Trait Mindfulness: Pre-Sleep Arousal & Emotional Stability

 “Be happy in the moment, that’s enough. Each moment is all we need, not more.” – Mother Teresa

Mindfulness involves nonjudgmental, open-minded, and alert attention to the present moment accompanied by an accepting, gentle, and curious attitude. Research continues to mount in support of numerous physical, mental, and emotional benefits of mindfulness. You may find yourself wondering why it is that some people seem naturally adept at adopting a mindful attitude, while others may struggle to maintain mindfulness on a regular basis. Through mindfulness exercises such as meditation or yoga, it is possible to enter into a “state” of mindfulness. By its very nature, a state of being is considered temporary. People who experience mindfulness as a general way of being throughout the day are considered to have high levels of “trait” mindfulness. In contrast to state-like qualities, traits are thought of as characterological enduring patterns of relating to oneself, others, and the world.

Trait Mindfulness Benefits Sleep Quality & Emotional Stability

Trait mindfulness has been defined as a dispositional proclivity toward “paying attention to present-moment experiences, labeling them with words, acting with awareness, avoiding automatic pilot, and bringing an attitude of openness, acceptance, willingness, allowing, nonjudging, kindness, friendliness, and curiosity to all observed experiences” (Baer, 2010, p. 28).

So what are the benefits of mindfulness? A recent study from the University of Utah indicated that processes inherent to trait mindfulness have the capacity to regulate emotions and decrease psychological and physiological arousal at bedtime. In this context, psychological arousal refers to anxiety-provoking, ruminative, or stressful thoughts/emotions; physiological arousal involves symptoms such as a racing heartbeat or muscular tension.

Researcher Holly May described the study’s findings by stating, “People who reported higher levels of mindfulness described better control over their emotions and behaviors during the day. In addition, higher mindfulness was associated with lower activation at bedtime, which could have benefits for sleep quality and future ability to manage stress.”

Pre-Sleep Arousal Scale

Psychological and physiological states of tension can have a deleterious impact on sleep quality. Take a moment to read through the following items, adapted from the Pre-Sleep Arousal Scale (PSAS; Nicassio et al., 1985). How strongly do you identify with the following symptoms of somatic and cognitive arousal prior to bedtime?

  1. It feels like my heart is pounding, racing, or beating irregularly.
  2. I have a nervous, jittery feeling in my body.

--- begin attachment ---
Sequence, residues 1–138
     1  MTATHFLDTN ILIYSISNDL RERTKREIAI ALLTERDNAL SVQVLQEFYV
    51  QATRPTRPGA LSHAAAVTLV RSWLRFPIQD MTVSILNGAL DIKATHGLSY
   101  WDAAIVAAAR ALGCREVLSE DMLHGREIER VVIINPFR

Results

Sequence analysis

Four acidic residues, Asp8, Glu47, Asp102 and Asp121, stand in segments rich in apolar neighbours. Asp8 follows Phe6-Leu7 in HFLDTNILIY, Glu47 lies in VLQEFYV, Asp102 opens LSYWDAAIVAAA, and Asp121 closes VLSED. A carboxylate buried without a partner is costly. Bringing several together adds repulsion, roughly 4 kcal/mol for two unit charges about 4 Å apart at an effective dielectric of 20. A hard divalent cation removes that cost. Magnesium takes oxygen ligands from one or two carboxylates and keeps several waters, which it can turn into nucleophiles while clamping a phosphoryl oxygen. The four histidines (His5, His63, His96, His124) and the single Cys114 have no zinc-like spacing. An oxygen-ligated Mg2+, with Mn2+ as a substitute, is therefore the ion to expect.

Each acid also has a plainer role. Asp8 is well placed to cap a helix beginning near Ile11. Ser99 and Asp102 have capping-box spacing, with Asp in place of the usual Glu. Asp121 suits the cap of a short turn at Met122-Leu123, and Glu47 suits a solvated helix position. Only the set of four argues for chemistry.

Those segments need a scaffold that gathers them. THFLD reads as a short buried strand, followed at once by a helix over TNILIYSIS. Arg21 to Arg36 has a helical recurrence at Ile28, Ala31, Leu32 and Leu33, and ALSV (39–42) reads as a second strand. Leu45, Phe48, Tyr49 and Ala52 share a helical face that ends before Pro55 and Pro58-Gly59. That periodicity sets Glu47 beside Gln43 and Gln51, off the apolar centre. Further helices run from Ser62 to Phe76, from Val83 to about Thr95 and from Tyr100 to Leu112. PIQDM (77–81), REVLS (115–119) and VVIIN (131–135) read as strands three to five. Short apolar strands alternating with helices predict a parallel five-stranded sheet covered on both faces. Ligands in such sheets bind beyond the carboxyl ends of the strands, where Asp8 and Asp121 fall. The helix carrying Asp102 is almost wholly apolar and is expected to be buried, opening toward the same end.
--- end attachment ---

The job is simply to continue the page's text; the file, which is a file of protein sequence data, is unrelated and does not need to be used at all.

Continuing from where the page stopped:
3. I feel a shortness of breath or difficulty breathing.
  4. I have a tense feeling in my muscles.
  5. My hands, feet, or other parts of my body feel cold.
  6. My stomach feels upset.
  7. The palms of my hands or other parts of my body feel sweaty.
  8. I have a dry feeling in my throat or mouth.
  9. I worry about falling asleep.
  10. I tend to go over or worry about or ponder events from the day.
  11. I have depressing or anxious thoughts before bedtime.
  12. I tend to worry about non-sleep-related problems before bedtime.
  13. I feel active and mentally alert.
  14. It feels like I can’t shut off my thoughts.
  15. My thoughts keep running through my mind.
  16. I’m distracted by sounds/noises around me (e.g., traffic, clock ticking)

How many of these items associated with heightened levels of pre-sleep arousal did you endorse? Studies have indicated that high levels of cognitive and somatic arousal prior to bedtime maintain insomnia. The detrimental effects of insomnia can be quite serious. A few examples of adverse consequences associated with insomnia include missing work/school, impaired concentration/memory, and an elevated risk for developing a psychiatric disorder (Jansson-Fröjmark & Norell-Clarke, 2012).

If you believe you are struggling with a sleep disorder, you’re not alone. The National Institutes of Health have stated that around 20% of U.S. adults report a sleep disorder such as insomnia, narcolepsy, or sleep apnea. Mindfulness practices have demonstrated usefulness in getting a good night’s sleep. Consider ways you can create a more relaxing bedtime routine that utilizes both mindfulness and sleep hygiene principles. Notice what minor or major changes to your typical bedtime routine serve to increase your overall sleep quality.

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Baer, R. A. (2010). Assessing mindfulness and acceptance processes in clients: Illuminating the theory and practice of change. Oakland, CA: New Harbinger Publications, Inc.

Jansson-Fröjmark, M., & Norell-Clarke, A. (2012). Psychometric properties of the Pre-Sleep Arousal Scale in a large community sample. Journal of Psychosomatic Research, 72, 103-110.

Nauert, R. (2013). Mindfulness Improves Emotional Stability, Sleep. Psych Central. Retrieved from

Nicassio P. M., Mendlowitz D. R., Fussell J.J., Petras L. (1985). The phenomenology of the pre-sleep state: The development of the pre-sleep arousal scale. Behaviour Research and Therapy, 23, 263-271.

University of Utah (2013, March 7). Better living through mindfulness. ScienceDaily. Retrieved from­ /releases/2013/03/130307124645.htm

Featured image: Meditation by h.koppdelaney / CC BY-ND 2.0

About Laura K. Schenck, Ph.D., LPC

I am a Licensed Professional Counselor (LPC) with a Ph.D. in Counseling Psychology from the University of Northern Colorado. Some of my academic interests include: Dialectical Behavior Therapy, mindfulness, stress reduction, work/life balance, mood disorders, identity development, supervision & training, and self-care.

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